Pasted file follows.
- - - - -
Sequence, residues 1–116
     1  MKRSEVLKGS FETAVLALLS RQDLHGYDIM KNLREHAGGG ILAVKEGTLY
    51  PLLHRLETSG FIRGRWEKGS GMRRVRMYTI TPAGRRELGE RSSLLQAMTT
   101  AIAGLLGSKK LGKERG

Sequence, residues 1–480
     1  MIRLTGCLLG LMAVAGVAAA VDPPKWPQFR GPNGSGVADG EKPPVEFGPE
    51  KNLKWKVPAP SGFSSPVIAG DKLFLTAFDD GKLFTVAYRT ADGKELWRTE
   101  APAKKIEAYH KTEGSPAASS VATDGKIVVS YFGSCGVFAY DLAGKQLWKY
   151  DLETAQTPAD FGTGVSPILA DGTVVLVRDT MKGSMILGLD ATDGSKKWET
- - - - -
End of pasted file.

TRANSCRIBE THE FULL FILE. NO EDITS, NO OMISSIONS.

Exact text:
Sequence, residues 1–116
     1  MKRSEVLKGS FETAVLALLS RQDLHGYDIM KNLREHAGGG ILAVKEGTLY
    51  PLLHRLETSG FIRGRWEKGS GMRRVRMYTI TPAGRRELGE RSSLLQAMTT
   101  AIAGLLGSKK LGKERG

Sequence, residues 1–480
     1  MIRLTGCLLG LMAVAGVAAA VDPPKWPQFR GPNGSGVADG EKPPVEFGPE
    51  KNLKWKVPAP SGFSSPVIAG DKLFLTAFDD GKLFTVAYRT ADGKELWRTE
   101  APAKKIEAYH KTEGSPAASS VATDGKIVVS YFGSCGVFAY DLAGKQLWKY
   151  DLETAQTPAD FGTGVSPILA DGTVVLVRDT MKGSMILGLD ATDGSKKWET